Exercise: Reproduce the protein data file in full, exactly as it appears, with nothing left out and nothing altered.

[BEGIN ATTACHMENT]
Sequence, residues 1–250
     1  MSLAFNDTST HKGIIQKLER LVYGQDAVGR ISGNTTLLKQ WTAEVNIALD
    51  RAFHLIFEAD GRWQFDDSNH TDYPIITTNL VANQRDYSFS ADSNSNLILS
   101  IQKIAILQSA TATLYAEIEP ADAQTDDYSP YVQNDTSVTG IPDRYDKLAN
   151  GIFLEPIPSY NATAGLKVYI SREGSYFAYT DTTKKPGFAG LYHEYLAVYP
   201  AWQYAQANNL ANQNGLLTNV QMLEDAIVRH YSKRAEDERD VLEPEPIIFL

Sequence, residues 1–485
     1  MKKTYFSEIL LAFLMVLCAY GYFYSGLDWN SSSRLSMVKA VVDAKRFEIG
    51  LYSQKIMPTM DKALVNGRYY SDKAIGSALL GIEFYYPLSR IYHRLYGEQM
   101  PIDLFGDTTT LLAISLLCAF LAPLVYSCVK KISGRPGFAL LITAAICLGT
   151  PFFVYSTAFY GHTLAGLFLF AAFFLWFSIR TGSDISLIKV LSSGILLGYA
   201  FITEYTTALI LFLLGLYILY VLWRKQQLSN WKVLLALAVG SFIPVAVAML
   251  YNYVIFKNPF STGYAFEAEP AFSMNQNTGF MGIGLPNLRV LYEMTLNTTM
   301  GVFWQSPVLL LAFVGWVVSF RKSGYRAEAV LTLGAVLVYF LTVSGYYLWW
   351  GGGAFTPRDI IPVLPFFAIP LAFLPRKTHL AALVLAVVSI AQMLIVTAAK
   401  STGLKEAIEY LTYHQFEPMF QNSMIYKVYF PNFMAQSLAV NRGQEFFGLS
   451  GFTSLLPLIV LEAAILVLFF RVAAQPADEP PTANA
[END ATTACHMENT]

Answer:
Sequence, residues 1–250
     1  MSLAFNDTST HKGIIQKLER LVYGQDAVGR ISGNTTLLKQ WTAEVNIALD
    51  RAFHLIFEAD GRWQFDDSNH TDYPIITTNL VANQRDYSFS ADSNSNLILS
   101  IQKIAILQSA TATLYAEIEP ADAQTDDYSP YVQNDTSVTG IPDRYDKLAN
   151  GIFLEPIPSY NATAGLKVYI SREGSYFAYT DTTKKPGFAG LYHEYLAVYP
   201  AWQYAQANNL ANQNGLLTNV QMLEDAIVRH YSKRAEDERD VLEPEPIIFL

Sequence, residues 1–485
     1  MKKTYFSEIL LAFLMVLCAY GYFYSGLDWN SSSRLSMVKA VVDAKRFEIG
    51  LYSQKIMPTM DKALVNGRYY SDKAIGSALL GIEFYYPLSR IYHRLYGEQM
   101  PIDLFGDTTT LLAISLLCAF LAPLVYSCVK KISGRPGFAL LITAAICLGT
   151  PFFVYSTAFY GHTLAGLFLF AAFFLWFSIR TGSDISLIKV LSSGILLGYA
   201  FITEYTTALI LFLLGLYILY VLWRKQQLSN WKVLLALAVG SFIPVAVAML
   251  YNYVIFKNPF STGYAFEAEP AFSMNQNTGF MGIGLPNLRV LYEMTLNTTM
   301  GVFWQSPVLL LAFVGWVVSF RKSGYRAEAV LTLGAVLVYF LTVSGYYLWW
   351  GGGAFTPRDI IPVLPFFAIP LAFLPRKTHL AALVLAVVSI AQMLIVTAAK
   401  STGLKEAIEY LTYHQFEPMF QNSMIYKVYF PNFMAQSLAV NRGQEFFGLS
   451  GFTSLLPLIV LEAAILVLFF RVAAQPADEP PTANA